Instant Center (“IC”): The instant center of rotation is a virtual point in space—for a split moment in time it can be said that all other points are revolving around the IC for that instant. The IC migrates as the bike moves through its travel and will be at a different spot at different points in the travel.
IS Mount: International Standard brake mounting using two drilled tabs parallel to the disc.
Kevlar: An Aramid synthetic fiber material used for durability and flexibility in tire beads and flat protection panels.
Leverage Ratio: This is the ratio of wheel travel to the shock compression. A 2:1 ratio with 4in wheel travel at the axle gives 2in of shock shaft travel. With many designs the ﬁgures vary through the travel. Values between 2:1 and 3:1 are used currently. Higher leverage ratios equal higher stress on the shock and less sensitivity to small bumps.
Modulation: The relationship between how hard you pull the lever and how hard the brakes stop.
Mono-Block: Caliper forged or milled from a single piece of material, rather than two halves bolted together.
Multi-Compound: Tires using different rubber compounds. Dual compounds are normally harder in the center or underneath for fast rolling and long life, but soft on the shoulders for cornering grip.
Organic Pads: Softer, quieter but shorter-lived brake pads.
Pedal Bob: This is the feeling of bobbing the rider experiences due to the pedaling/drivetrain inﬂuence on the rear suspension, and how our mass reacts when we accelerate. It’s exacerbated by a choppy pedaling style and dynamic rider weight shifts. Certain pivot locations use the chain tension and drive forces to counteract the tendency to bob.
Pedal kickback: With too much chain growth, if you hit a bump while pedaling, the pedals want to kick back. When this force is opposed by you pedaling, it acts to stiffen your suspension. Most designs behave like this to some extent; however, certain set ups may actually compress the suspension further. This happens when the axle path gets closer to the bottom bracket and can be seen on some ﬂoating pivot designs.
Pinch Flats: Tire flats caused when the tube is pinched between the rim and a sharp or hard object.
Pots: The pistons or cylinders of the brake. Single-pot brakes have one piston on one side and one fixed pad; twin-pots have a piston on each side; four-pots have two pistons on each side; and six-pots have three.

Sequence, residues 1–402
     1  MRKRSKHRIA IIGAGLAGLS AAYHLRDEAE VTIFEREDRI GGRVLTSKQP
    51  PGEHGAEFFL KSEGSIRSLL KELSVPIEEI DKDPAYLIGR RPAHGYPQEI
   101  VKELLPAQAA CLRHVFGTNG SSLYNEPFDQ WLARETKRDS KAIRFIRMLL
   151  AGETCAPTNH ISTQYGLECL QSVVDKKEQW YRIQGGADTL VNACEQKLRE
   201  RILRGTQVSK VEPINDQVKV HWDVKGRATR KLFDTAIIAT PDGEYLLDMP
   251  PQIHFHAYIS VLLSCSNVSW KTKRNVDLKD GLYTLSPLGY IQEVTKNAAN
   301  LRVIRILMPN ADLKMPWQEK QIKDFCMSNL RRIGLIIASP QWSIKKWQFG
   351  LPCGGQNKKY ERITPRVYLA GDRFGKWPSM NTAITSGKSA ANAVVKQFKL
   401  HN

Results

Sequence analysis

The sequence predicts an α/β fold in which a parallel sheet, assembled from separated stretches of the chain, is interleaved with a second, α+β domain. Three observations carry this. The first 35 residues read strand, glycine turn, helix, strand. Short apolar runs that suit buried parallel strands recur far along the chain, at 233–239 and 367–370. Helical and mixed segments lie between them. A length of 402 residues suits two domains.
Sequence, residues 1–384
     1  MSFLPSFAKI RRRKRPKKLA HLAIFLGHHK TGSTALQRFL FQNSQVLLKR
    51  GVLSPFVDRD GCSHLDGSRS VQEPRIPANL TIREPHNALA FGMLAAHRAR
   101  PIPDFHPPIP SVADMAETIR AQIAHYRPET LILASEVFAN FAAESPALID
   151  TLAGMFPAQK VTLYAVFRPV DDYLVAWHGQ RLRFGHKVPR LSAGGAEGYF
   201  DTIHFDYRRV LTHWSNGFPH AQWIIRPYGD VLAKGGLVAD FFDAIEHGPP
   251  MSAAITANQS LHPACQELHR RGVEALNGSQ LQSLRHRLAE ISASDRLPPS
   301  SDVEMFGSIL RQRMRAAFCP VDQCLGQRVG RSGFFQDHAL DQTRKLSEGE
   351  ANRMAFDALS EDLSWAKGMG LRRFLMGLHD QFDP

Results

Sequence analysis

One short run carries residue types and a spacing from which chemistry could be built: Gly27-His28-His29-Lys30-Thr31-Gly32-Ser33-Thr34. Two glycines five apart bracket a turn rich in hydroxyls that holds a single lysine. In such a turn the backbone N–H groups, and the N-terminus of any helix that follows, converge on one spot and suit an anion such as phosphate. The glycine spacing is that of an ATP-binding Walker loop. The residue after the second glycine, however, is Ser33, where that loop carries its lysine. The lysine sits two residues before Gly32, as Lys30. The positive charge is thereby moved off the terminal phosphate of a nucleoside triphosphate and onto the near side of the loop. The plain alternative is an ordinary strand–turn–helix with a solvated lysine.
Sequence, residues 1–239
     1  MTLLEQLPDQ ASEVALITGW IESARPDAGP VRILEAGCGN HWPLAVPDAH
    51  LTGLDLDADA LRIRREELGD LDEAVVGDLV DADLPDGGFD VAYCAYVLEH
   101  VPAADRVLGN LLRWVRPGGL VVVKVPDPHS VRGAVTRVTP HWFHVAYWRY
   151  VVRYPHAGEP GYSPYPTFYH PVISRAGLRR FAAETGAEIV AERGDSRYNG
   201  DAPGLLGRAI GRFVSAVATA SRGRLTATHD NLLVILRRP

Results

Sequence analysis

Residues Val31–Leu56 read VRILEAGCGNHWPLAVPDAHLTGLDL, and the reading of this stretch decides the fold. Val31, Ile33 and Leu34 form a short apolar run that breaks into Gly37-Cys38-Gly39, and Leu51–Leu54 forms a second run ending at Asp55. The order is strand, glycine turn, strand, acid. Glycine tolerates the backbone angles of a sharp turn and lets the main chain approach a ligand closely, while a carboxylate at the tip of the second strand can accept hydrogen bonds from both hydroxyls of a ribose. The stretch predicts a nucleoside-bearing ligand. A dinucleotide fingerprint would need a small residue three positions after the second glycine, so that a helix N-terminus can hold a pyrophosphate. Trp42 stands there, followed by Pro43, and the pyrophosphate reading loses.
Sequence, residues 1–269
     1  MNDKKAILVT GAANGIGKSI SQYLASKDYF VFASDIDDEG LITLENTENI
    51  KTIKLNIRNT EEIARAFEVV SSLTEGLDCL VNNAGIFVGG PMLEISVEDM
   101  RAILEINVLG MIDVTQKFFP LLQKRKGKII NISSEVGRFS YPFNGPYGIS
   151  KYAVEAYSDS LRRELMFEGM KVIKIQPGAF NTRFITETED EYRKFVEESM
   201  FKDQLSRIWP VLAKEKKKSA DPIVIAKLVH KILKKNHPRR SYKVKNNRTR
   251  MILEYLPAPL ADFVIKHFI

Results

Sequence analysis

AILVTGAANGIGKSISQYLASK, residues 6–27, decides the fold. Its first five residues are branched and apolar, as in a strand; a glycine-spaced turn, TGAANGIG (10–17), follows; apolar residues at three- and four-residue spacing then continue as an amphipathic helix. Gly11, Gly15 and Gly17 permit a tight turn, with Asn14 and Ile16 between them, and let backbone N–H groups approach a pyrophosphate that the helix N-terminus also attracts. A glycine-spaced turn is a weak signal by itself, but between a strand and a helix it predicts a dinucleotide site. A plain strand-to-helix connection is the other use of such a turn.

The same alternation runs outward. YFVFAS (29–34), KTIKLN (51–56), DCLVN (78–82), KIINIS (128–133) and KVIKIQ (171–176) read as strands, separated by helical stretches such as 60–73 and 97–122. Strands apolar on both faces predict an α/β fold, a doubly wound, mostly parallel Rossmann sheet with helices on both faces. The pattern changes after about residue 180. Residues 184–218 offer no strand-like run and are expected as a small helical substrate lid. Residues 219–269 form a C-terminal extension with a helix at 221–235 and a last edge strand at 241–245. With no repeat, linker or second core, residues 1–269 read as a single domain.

Progressive: Power that increases in direct relation to how hard you pull the brake lever.
Pump Out: Over-extension and eventual lock-out of lever caused by fluid overheating and expansion on long descents.
Rear Triangle: A frame triangle formed by the chainstays, seatstays, and the seat tube.
Rim: The metal hoop of a wheel, which contains the tire, tube, and the outer ends of the spokes.
Riser Handlebars: A mountain bike handlebar that bends up on the ends. They are commonly found on Downhill, Freeride, and some Cross County mountain bikes.
Rolling Resistance: Friction created when tires roll along the ground.
Saddle: Seat on a bicycle.
Sag: The suspension travel caused by the weight of the rider sitting on the bike when it is stationary.
Seatpost: Part to which the saddle clamps and runs down inside the seat tube.
Seat Tube: The tube that runs from just below the saddle down to the bottom bracket.
Squat: Squat refers to how the rear end of a suspension bike sinks under acceleration in response to rider pedaling.
Shoulder: The edge tread on a tire that provides off-camber and cornering grip.
Sidewall: The bare side of the tire.
Steerer Tube: The tube that forms the top of the fork and rotates inside the head tube.
Stem: The part that fits into or on the fork and holds the handlebars.
Suspension: Many mountain bikes, and some road models, feature forks and frames that absorb road and trail shocks to improve comfort and control.
Suspension Rates: There are three types of suspension rates: progressive, linear, and falling. Progressive suspension stiffens up at the end of the shock travel. This is a typical Cross County mountain bike setup. Falling rate suspension feels super plush at the end and is much easier to blow through the travel, i.e., bottom-out, while a linear setup feels the same throughout the full range of travel.
Top Tube: The horizontal tube that connects the seat tube with the head tube.
TPI: The number of threads per inch in the tire’s carcass. Tires with more threads are generally higher quality with a more subtle feel.
Tread: Patterns of rubber on tire that make contact with the ground.
Tubular Tires: Also known as sew-ups. This type of tire is used primarily for racing. A tube is sewn inside the tire, which is then glued on to the rim.
XC: Shorthand for Cross Country mountain bike.
As a beginner, this post makes me happy because now I know what would suit me, and how to better make an informed decision on the bike to get.
Bote, I am glad this helped you.
Very in-depth article that is great for beginners. Learning the rules of the road and being safe while biking is very important. I feel as though most people would assume to signal the way they were taught in driving classes. But, it’s much more simple to tell drivers exactly where you are going for your own safety. This article is also great for drivers. Thanks man.